This is the fifth year of the qualifying offer system in MLB, and on Monday 10 free agents received qualifying offers from their 2016 teams.
Jeremy Hellickson, Phillies
Yoenis Cespedes, Mets
Neil Walker, Mets
Mark Trumbo, Orioles
Jose Bautista, Blue Jays
Edwin Encarnacion, Blue Jays
Kenley Jansen, Dodgers
Justin Turner, Dodgers
Ian Desmond, Rangers
Dexter Fowler, Cubs
Dodgers Turner and Jansen were two of those players, and both are locks to decline the one-year, $17.2 million deal. In what is considered a weak free agent market, Jansen and Turner rank at or near the top in several rankings.
- Jansen tops Grant Brisbee’s free agent rankings at SB Nation, with Turner fourth. Rich Hill, not eligible for a qualifying offer since he switched teams midseason, is fifth.
- Jansen is ranked fourth, Turner fifth in Ken Rosenthal’s top 10 list at Fox Sports.
- Jon Heyman at Today’s Knuckleball got the jump on the FA rankings with some contract guesses on Sept. 15, and he projected four years, $60 million for Turner and $50 million for four years for Jansen, though that latter number looks very low now. Heyman said himself on Oct. 18 that insiders are convinced Jansen and Aroldis Chapman would both surpass that number.
- MLB Trade Rumors revealed their top 50 free agent contract predictions on Monday, with Jansen and Turner both set for five-year, $85 million paydays.
In other words, Turner and Jansen are getting paid this winter.
In the first four years of the qualifying offer system, just three of 54 players (5.6%) accepted the offer. All three — Brett Anderson with the Dodgers, Matt Wieters with the Orioles, and Colby Rasmus with the Astros — accepted those offers last season, which helps at least partially explain why the number of qualifying offers decreased from 20 to 10 in one year.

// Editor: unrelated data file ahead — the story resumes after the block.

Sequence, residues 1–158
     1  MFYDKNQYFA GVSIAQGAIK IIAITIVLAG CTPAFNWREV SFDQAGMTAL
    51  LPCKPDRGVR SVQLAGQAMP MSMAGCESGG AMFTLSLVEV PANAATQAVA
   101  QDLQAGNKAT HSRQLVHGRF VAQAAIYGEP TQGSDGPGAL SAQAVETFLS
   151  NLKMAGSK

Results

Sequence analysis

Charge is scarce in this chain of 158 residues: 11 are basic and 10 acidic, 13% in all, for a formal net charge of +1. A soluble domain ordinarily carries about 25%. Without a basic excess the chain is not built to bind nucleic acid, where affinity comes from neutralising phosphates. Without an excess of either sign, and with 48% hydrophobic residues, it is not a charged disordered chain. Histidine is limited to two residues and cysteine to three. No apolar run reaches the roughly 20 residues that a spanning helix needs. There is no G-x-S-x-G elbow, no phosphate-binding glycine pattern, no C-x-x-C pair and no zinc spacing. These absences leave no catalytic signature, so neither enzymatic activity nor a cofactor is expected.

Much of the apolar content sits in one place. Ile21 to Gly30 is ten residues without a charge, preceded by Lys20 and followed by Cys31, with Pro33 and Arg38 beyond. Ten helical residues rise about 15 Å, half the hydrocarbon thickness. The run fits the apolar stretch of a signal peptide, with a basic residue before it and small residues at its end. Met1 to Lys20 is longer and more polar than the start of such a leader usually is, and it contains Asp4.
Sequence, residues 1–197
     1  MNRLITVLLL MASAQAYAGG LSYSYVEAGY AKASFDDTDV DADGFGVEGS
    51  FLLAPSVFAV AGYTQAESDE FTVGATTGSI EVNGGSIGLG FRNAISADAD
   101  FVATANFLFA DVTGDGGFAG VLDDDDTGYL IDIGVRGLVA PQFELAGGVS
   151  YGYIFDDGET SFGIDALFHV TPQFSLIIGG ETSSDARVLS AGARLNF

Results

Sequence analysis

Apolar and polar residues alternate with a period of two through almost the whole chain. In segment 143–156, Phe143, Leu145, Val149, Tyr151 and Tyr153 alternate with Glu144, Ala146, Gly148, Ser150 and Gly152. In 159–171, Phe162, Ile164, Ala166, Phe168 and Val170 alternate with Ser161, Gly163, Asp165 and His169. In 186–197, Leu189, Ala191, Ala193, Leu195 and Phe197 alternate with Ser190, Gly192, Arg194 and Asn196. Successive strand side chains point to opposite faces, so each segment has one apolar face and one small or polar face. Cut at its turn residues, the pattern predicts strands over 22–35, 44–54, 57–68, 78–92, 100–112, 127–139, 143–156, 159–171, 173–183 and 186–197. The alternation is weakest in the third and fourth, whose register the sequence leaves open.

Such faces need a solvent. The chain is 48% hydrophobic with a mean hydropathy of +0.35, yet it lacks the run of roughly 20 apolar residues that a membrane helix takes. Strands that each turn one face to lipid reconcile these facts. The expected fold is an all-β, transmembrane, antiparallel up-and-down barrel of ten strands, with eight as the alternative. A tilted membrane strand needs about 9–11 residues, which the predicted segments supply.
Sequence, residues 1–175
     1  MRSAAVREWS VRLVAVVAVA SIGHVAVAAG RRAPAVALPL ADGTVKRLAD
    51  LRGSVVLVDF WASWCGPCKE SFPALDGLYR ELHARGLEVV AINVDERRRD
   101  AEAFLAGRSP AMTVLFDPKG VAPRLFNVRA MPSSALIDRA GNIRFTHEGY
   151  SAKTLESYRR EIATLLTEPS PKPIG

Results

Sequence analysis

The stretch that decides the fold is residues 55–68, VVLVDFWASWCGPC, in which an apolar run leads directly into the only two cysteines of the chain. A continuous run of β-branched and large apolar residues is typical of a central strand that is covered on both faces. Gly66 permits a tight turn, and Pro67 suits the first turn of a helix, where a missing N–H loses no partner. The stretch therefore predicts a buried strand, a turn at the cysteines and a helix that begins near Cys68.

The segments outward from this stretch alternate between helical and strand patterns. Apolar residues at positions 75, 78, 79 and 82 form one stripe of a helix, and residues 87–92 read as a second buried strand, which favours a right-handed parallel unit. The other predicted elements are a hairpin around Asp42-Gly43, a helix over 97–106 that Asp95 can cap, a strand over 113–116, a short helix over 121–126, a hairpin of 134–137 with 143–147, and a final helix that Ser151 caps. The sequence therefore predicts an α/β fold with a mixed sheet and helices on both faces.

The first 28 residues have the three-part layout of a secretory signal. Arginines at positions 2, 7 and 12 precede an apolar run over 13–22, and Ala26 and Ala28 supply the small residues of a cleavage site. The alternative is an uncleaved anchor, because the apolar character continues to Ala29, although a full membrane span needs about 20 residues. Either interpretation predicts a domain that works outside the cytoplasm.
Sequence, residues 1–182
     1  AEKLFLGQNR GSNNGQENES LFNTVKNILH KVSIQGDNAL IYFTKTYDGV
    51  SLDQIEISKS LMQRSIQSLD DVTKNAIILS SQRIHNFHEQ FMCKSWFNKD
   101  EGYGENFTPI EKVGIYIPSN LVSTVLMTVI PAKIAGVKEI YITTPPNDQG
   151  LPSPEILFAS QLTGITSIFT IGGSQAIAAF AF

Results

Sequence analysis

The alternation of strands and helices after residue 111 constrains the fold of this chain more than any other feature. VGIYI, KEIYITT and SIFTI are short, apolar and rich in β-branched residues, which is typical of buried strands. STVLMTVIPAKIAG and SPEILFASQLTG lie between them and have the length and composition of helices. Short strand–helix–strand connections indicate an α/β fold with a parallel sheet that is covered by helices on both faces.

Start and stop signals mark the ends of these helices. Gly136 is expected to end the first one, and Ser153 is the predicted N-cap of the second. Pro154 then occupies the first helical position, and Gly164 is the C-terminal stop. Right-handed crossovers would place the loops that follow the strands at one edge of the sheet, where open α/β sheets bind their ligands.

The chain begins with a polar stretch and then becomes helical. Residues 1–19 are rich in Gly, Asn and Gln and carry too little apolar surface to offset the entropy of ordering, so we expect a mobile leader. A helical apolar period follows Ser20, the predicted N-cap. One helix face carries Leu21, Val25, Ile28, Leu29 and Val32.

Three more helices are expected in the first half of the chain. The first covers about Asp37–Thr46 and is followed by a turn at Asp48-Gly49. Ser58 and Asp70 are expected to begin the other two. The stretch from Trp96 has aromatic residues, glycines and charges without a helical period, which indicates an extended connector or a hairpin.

Then again, this is a relatively weak free agent class, and the 10 players is more in line with the first three years of the system than with the outlier of 20 players after 2015.
Of the 53 free agents with qualifying offers to actual hit the open market, 13 returned to their old teams. Another -- Kendrys Morales in 2014 — waited until two days after the MLB Draft to sign elsewhere, thus the Twins didn’t have to forfeit a draft pick.
The Dodgers haven’t signed a player from another team with a qualifying offer attached in the first four years of the system, though last offseason in addition to Anderson accepting his qualifying offer, Los Angeles saw the return of Howie Kendrick on a two-year deal in February after seeing his market suppressed by the draft pick cost.
This marks the third straight offseason the Dodgers have extended at least one qualifying offer.
In 2014, Hanley Ramirez declined the offer and signed with the Red Sox, giving the Dodgers the No. 35 overall pick in 2015. That was used on Louisville right-handed pitcher Kyle Funkhouser, though he didn’t sign.
In 2015, Zack Greinke declined the $15.8 million offer and instead broke the bank with the Diamondbacks. The Dodgers got the No. 32 pick in the 2016 draft for Greinke, and used that on Louisville catcher Will Smith, who ended his first pro campaign in High-A Rancho Cucamonga.
The Dodgers also got the No. 36 pick for failing to sign Funkhouser the year before, so their delayed Ramirez compensation ended up being right-handed pitcher Jordan Sheffield out of Vanderbilt.
At the moment, the Dodgers pick 25th in the first round in the 2017 draft, but that will surely change depending on where the 10 qualifying offer free agents end up this winter, so stay tuned.
The 10 players above have one week to accept or decline their qualifying offers. The deadline is Monday, Nov. 14 at 2 p.m. PT.